Are the practitioners of Eastern religion or philosophy better people for holding to these beliefs? If we compare to atheism or agnosticism, the answer surely is yes. With their idea of karma and ideal of becoming one with the pantheistic universal soul, surely the devoted Buddhist or Hindu is more likely to be peaceful, patient and possessed of a sense of responsibility for the consequences of his or her actions than the average non-believer. However, there are some weaknesses here. Like the New Age philosophy tells its believers, sin, if it exists at all, is the lack of personal understanding that you are God. Hindu thought does include a measure of personal responsibility for sinful acts, but it also includes the possibility of "atoning" for sin in this life in some still future life. It also carries the responsibility for unknown past lives into the current incarnation. Surely this weakens the sense of personal responsibility for our own actions in this life, at least for the average believer.
The Eastern world view has one looking inward, not outward. It inspires dispassion rather than compassion and disinvolvement in the world rather than involvement. I am not saying that Sikhs are completely unloving. Obviously there are many loving and giving Taoists. However, these religions teach that suffering is not real. I have traveled to India as well as Buddhist countries such as Cambodia and Thailand. It is not an accident that a majority of the organized benevolent programs in Hindu and Buddhist countries is done by Christian groups. This is not just an accident and it cannot be fully explained by the wealth in Western countries. The pattern of "Christian" benevolence is repeated in the small Christian communities in these countries. The native Christian groups do more than their share of meeting the needs and creating social justice in these countries. Julian "the Apostate," the pagan grandson of Constantine noted of the Christian in the Roman Empire, "Atheism (i.e. Christian faith) has been specially advanced through the loving service rendered to strangers, and through their care for the burial of the dead. It is a scandal that there is not a single Jew who is a beggar, and that the godless Galileans care not only for their own poor but for ours as well; while those who belong to us look in vain for the help that we should render them." This criticism of Julian’s own pagan religion and compliment of the Christians of his day apply quite well to the situation in countries where Eastern religion predominates. Why? Because these are bad people? No. To a great extent it is because of their world view.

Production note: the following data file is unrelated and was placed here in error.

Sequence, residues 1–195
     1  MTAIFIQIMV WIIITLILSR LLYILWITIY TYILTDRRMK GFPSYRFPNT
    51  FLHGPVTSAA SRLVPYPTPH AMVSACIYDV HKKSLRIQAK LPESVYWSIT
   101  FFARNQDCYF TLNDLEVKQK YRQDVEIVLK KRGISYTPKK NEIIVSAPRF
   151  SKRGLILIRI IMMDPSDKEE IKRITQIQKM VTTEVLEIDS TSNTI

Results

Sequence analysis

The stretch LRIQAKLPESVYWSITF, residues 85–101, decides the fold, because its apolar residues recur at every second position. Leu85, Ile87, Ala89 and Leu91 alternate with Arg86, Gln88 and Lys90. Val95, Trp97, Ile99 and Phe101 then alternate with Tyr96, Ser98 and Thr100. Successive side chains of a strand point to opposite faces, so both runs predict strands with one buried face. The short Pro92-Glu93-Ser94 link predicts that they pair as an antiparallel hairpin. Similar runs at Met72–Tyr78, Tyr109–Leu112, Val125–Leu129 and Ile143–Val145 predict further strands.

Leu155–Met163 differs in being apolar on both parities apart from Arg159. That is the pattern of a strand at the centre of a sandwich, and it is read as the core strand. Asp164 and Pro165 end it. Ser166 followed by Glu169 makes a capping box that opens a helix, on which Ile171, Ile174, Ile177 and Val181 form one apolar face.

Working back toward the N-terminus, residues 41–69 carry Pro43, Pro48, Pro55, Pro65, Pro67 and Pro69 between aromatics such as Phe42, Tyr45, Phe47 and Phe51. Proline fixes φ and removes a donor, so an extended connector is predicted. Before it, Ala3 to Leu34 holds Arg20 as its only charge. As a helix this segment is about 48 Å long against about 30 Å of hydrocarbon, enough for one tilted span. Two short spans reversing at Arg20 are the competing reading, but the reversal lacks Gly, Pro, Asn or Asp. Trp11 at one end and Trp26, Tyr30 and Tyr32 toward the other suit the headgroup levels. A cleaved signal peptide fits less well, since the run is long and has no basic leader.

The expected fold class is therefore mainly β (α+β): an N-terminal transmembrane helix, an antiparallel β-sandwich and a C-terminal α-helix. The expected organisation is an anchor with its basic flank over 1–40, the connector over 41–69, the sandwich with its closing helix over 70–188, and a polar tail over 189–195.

On a personal note, when I came to a belief in God while in college, I was initially strongly attracted to Eastern religion. I became involved in a Western-style eastern mysticism, read Hindu scripture, became a vegetarian and tried to find God in this way. In the end, I was attracted to Christianity because of the love I saw in devoted Christian lives and because of the evidence which so strongly supported Jesus being the one and only Son of God.
To summarize, the essence of the Eastern world view, and that of its many Western incarnations such as New Age believers is pantheism. It is a belief that the universe is filled up with an impersonal god-force, a spark of which is in us. The physical world is an illusion, sin is not real, and the human problem is to escape from the passions which trap us in these physical bodies. The reader will have to decide whether this world view is attractive, but from my perspective, this is a defective world view. It is defective, first of all, because it is not true. The evidential support for this view is not strong. In addition, I am not attracted to this world view because its essence is selfish. I am attracted to a view of the world which is passionate and which calls one to seek social justice and to show compassion for those less fortunate than us.
John Oakes 4/16/09